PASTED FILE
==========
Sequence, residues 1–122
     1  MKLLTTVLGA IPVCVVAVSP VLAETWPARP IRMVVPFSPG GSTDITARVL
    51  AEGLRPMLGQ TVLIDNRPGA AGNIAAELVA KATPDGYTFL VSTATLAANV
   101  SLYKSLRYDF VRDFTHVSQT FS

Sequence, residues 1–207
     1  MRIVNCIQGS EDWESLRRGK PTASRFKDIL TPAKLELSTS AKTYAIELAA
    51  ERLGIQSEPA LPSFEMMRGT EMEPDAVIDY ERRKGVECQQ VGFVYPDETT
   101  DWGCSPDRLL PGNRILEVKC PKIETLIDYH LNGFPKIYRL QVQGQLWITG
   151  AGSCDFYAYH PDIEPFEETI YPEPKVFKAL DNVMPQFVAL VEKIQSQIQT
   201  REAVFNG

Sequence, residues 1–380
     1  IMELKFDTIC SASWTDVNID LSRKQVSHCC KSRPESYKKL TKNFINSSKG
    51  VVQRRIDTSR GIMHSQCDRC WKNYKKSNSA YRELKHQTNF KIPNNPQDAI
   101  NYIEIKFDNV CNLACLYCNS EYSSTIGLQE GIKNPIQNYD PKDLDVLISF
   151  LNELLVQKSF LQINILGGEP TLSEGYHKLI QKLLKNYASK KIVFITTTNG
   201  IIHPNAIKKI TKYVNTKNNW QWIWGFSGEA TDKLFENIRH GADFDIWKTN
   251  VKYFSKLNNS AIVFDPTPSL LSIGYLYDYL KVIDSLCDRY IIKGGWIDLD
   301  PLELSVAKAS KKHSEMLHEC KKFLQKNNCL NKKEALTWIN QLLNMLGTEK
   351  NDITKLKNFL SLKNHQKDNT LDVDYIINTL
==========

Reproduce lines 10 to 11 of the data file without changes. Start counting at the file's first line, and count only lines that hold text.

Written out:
   201  REAVFNG

Sequence, residues 1–380